I believe that the tittle already covers my question, but I will explain it better here.
When I was reading the Heisig book (Remembering the Kanji, the sixth edition I believe) I came across the kanji 旦, which Heisig defines as Nightbreak. I looked at http://www.edrdg.org/cgi-bin/wwwjdic/wwwjdic?1MMJ%E6%97%A6 and found the following definition:
daybreak; dawn; morning
Which lead me thing that 旦 means the start of the day and NOT the start of the night, as the key-word and the story Heisig provides leads me to think.
But the story also talks about a more cultural aspect... I will quote the story from the book here:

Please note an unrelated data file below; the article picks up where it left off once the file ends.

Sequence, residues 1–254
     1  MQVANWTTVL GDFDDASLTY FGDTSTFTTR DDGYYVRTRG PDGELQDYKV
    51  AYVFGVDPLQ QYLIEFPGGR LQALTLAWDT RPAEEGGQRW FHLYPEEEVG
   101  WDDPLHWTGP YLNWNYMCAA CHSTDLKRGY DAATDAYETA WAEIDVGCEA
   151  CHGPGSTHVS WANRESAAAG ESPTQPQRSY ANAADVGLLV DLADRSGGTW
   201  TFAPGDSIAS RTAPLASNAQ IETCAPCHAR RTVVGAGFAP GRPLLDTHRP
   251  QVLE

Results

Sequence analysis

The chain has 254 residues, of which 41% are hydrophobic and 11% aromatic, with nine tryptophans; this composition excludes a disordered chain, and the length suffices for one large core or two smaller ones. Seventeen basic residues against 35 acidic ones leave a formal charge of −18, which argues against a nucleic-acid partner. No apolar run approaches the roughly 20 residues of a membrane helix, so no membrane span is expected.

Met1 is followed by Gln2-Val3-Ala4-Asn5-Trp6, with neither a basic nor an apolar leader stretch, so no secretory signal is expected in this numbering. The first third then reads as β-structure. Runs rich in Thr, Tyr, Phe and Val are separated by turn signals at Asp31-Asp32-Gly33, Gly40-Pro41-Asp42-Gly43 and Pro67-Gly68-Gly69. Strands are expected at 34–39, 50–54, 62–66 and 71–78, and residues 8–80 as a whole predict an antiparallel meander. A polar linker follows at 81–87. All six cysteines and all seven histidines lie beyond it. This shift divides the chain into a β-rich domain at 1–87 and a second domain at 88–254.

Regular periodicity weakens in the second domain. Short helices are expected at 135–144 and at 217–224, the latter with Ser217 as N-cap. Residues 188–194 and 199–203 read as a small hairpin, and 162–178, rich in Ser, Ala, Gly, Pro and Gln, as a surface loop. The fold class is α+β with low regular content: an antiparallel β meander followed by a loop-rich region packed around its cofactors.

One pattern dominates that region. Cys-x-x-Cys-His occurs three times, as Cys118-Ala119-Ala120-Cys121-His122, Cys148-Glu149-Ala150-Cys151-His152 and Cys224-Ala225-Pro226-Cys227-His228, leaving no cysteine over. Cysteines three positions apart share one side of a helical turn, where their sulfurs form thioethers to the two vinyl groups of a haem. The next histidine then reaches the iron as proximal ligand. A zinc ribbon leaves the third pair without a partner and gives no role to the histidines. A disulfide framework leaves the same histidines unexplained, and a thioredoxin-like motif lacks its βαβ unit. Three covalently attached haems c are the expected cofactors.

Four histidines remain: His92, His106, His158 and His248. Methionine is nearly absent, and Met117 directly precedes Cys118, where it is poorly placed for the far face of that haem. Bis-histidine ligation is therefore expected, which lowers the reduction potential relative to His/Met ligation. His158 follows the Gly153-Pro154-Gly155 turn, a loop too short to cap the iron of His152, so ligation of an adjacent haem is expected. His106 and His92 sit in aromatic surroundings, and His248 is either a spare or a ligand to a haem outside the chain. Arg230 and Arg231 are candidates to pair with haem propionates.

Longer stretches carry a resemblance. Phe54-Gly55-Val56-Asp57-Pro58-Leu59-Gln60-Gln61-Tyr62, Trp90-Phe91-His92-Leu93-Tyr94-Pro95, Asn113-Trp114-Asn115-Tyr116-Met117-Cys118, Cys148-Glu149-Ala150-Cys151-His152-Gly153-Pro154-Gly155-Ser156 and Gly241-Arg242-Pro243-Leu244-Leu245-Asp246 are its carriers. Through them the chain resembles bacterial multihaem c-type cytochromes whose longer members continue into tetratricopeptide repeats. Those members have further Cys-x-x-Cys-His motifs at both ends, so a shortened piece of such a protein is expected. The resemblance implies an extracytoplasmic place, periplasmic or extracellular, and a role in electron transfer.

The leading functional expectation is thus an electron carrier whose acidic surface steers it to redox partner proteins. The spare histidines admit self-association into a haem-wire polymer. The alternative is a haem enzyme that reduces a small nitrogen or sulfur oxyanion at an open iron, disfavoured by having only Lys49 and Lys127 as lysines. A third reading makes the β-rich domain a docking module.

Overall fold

While we normally refer to the start of the day as "daybreak," Japanese commonly refers to it as the "opening up of night" into day. Hence the choice of this rather odd key work, nightbreak. The single stroke at the bottom represents the floor (have a peek again at frame 1) or the horizon over which the sun is poking its head.
I know that are two different languages, but I think it it worth mentioning: I also have access to another book from Heisig, the Remembering the Simplified Hanzi (Chinese) and there the Hanzi has the meaning of daybreak; making me think that he really wants to give the kanji #30 the meaning of nightbreak.
I am super confused about this Kanji now. Can someone explain to me what is happening here regarding the meaning of the kanji and possibly give me an explanation about why Heisig chose this key word?